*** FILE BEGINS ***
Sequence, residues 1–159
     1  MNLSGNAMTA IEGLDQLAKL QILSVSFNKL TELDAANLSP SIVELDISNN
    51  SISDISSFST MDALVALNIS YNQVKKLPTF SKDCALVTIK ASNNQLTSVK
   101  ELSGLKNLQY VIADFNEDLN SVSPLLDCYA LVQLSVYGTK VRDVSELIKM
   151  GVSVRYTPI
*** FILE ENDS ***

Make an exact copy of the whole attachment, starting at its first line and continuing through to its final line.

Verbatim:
Sequence, residues 1–159
     1  MNLSGNAMTA IEGLDQLAKL QILSVSFNKL TELDAANLSP SIVELDISNN
    51  SISDISSFST MDALVALNIS YNQVKKLPTF SKDCALVTIK ASNNQLTSVK
   101  ELSGLKNLQY VIADFNEDLN SVSPLLDCYA LVQLSVYGTK VRDVSELIKM
   151  GVSVRYTPI